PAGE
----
By Ronnie Bray
It might have been because Holy Trinity Churchyard with its tumbledown box graves and leaning monuments to worthies dead before our parents were born that was our common playground that ghosts and things dead provoked out interest. Who knows? Whatever the stated statements of our beliefs in ghosts were or were not, there was not one of us who doubted that the dead beneath our feet were not altogether dead and had the power to do things that we might not like.
It could have been our irregular disporting in Edgerton Cemetery with its acres of dead, ancient and modern, that constrained us to be aware of death and the dead. Perhaps the War, talk of the First Lot, the Boer and Crimean Wars, all lively topics when I was a child, and the daily inventory of distant relatives and close friends who lay dead and dying in fields of battle that turned death and the dead into our familiar companions along with the dirges of dead marches, the ever present pall of demise, images of chalk white bones, and the stench of decaying flesh that imposed themselves into our tender pastimes that is responsible for our connection with the dead who we could not think of as truly dead, by as alive in some supernatural way that made sense even as we did not understand it.
Then there were our own experiences of the ‘ghostly’ for which no other explanation was available other than they were the dead who would not lie down. And then there were the stories.
It is important to make a sharp distinction between the ghost stories told around Boy Scout campfires and those tales told by hollow eyed men who were witnesses to strange and uncomfortable things that could not be explained by anything other than what the beholders affirm they saw.
One night, four or five friends, not a gang in the modern sense, were entering Holy Trinity Churchyard for an evening’s amusement. It was already dark and as we came out from the cover of the lych gate we saw a figure at the top of the steps standing on the right with his hand raised as if he was holding a long carving knife. The shade was dressed in a slightly fluorescent gown of greenish yellow hue, and his head glowed dimly like the moon but with an amber cast.
We were preoccupied with childish talk as we came up to the steps so we could not tell whether the figure was present when we entered the gate or whether he moved there while we were walking up the path to the steps. Suffice it to say that we all became aware of his presence at about the same time and shared a variety of experiences each of which had a common purpose, and that was to out as much distance between ourselves and the ghost as we could.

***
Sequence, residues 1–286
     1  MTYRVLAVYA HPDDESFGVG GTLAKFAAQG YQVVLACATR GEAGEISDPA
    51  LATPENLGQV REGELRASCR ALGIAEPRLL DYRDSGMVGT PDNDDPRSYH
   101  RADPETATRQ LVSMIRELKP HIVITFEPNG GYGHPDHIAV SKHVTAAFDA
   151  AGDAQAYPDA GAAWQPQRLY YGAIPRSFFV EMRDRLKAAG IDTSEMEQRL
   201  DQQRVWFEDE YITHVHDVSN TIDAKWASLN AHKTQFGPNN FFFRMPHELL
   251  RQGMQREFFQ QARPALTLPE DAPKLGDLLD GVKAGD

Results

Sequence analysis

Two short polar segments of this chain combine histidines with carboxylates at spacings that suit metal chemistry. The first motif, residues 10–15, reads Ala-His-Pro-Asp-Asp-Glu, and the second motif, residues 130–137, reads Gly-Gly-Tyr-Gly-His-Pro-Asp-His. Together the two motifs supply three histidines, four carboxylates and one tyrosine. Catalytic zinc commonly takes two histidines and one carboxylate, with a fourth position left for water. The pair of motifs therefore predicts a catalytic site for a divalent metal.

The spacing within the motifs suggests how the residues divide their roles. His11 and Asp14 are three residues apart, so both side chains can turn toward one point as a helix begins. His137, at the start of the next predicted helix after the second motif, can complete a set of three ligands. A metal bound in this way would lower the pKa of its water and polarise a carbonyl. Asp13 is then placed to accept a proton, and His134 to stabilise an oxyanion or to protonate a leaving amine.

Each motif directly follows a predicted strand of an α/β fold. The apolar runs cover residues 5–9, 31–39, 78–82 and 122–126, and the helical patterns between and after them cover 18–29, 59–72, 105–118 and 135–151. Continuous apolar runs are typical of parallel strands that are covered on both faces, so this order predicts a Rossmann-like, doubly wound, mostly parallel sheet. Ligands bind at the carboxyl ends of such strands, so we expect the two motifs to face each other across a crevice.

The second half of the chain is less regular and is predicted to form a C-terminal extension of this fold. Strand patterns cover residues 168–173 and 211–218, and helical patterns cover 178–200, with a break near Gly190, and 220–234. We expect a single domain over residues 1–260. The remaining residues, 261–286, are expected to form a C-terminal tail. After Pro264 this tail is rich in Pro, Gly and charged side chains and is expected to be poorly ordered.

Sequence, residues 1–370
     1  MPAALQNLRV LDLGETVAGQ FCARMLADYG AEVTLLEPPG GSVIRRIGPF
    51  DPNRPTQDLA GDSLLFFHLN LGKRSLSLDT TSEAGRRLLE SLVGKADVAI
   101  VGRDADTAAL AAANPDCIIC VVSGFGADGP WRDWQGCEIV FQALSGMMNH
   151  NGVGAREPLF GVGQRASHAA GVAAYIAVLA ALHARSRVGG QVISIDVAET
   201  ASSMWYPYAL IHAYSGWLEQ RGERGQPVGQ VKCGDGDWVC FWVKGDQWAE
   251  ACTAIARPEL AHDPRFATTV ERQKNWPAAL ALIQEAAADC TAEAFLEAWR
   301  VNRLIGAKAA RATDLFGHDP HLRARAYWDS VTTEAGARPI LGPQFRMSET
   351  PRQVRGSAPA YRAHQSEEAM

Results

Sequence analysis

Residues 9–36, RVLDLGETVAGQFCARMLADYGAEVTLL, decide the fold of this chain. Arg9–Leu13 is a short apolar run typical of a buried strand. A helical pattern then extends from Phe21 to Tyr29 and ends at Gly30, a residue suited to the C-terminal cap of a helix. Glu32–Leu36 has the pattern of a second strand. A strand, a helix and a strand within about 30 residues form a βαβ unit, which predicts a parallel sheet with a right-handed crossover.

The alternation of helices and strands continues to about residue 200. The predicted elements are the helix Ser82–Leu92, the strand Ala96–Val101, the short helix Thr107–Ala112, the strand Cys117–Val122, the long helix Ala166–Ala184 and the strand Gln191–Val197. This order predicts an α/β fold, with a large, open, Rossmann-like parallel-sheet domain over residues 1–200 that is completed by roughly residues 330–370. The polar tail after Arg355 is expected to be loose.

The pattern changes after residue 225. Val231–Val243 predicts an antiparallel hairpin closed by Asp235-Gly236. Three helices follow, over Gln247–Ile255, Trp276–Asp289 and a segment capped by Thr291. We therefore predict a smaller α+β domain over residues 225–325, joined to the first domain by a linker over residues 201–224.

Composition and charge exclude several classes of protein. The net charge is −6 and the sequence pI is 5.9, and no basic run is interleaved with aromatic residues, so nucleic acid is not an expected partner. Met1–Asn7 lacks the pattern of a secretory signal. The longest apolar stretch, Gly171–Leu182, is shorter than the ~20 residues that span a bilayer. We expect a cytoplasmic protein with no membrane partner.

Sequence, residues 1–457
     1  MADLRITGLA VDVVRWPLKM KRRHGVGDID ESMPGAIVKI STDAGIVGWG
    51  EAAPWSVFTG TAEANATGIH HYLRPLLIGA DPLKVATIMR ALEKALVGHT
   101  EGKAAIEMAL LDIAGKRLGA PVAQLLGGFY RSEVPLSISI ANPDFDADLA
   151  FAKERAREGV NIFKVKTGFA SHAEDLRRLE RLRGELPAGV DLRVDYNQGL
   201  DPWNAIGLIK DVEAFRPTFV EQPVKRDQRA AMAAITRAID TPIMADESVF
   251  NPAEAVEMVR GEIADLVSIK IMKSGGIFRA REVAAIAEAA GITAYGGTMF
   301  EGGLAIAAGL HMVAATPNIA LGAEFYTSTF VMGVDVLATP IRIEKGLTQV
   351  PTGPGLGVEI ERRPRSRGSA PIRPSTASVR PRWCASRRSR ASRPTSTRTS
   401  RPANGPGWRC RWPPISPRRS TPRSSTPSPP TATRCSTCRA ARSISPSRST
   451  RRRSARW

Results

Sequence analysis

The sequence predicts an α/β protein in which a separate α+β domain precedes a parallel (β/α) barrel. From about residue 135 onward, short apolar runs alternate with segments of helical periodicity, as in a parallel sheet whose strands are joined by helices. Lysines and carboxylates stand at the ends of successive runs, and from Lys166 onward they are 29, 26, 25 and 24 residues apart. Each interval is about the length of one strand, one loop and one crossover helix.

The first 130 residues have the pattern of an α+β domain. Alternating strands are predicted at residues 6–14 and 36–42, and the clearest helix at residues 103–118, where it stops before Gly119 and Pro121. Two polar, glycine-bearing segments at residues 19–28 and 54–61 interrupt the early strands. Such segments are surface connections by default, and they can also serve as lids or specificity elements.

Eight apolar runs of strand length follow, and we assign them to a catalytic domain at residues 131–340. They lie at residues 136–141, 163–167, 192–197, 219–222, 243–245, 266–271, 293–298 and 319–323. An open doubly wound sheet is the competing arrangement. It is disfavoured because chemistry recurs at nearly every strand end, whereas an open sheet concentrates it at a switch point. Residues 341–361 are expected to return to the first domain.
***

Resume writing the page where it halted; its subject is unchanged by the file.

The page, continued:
We scattered and ran until our lungs seemed they would burst. Then, when a backwards glance convinced us that the phantom was not behind us stalking us to our doom, we slowed down to a mere gallop and turned homewards by different routes.
Were we mistaken about the true nature of what we saw? None of us was agnostic in our interpretation, and we interpreted it according to the overlay and underpinnings of our customs. Ghosts were really grown up business, and spoken of sotto voce in the presence of children. Our childish encounter could be believed or, as was most likely, put down to childish imagination, which was another way of saying that children tell lies.
But let an adult tell his story and the chills were felt all the way from the crowns of our heads down to out toenails. I remember one such story, although they were many, but this one stuck with me more for the manner of its telling than for any other reason.
The man was not yet middle aged, but pressing towards it as fast as he could, and his manner was not frivolous, but had serious tendencies, and this gave the patina of truth the tale he told. He rode a bicycle, which, during the war was hazardous on dark nights on account of the strictly enforced blackout. Bicycle lamps, motor car lights, and hand-held flashlights had to have the majority of the glass blanked out and a small hole only was permitted to allow a narrow beam to penetrate the darkness.
On moonlit nights there was little difficulty as the celestial orb provided sufficient light to take travellers to their homes. But when the moon was new, mantled in clouds, or gone away on a mystery tour, being out at night was hazardous. The storyteller had been abroad on urgent family business on a moonless night and was cycling towards his home when ahead of him he saw a light swinging backwards and forwards as if waved by an unseen hand.
He slowed down to a walking pace and approached the illumination, getting off his bicycle to walk the last few feet, whereupon the light and whoever was holding it disappeared, and he was left looking down into a deep, dark hole in the roadway. By shining the single ray from his bicycle’s front lamp into the abyss he could make out the crumpled remains of a motor car. All was silent. As silent as the tomb.
A few moments later the local policeman came upon the scene. Someone had reported an accident to the police station and he had been despatched on his bike to investigate. It took but a perfunctory inspection to determine that the driver was dead at the wheel of his car, and had been killed by the impact when the car reached the bottom of the strange hole. His neck was broken.
As the bicyclist had not actually witnessed the car fall into the hole he could not shed any light on the happening. But he did tell the policeman what he had seen as he came upon the tragic scene. He detailed how he had seen the lamp swinging and that it had warned him of danger, but that he had seen no man.
“Aye, lad,” intoned the policeman gravely, “That was his ghost. He was warning you.”
This story was told to me by this witness in such a tone and humour that I have never doubted that the event occurred exactly as he described it. Do I believe in ghosts? I really have no choice in the matter.
Copyright © 2007 – Ronnie Bray
ALL RIGHTS RESERVED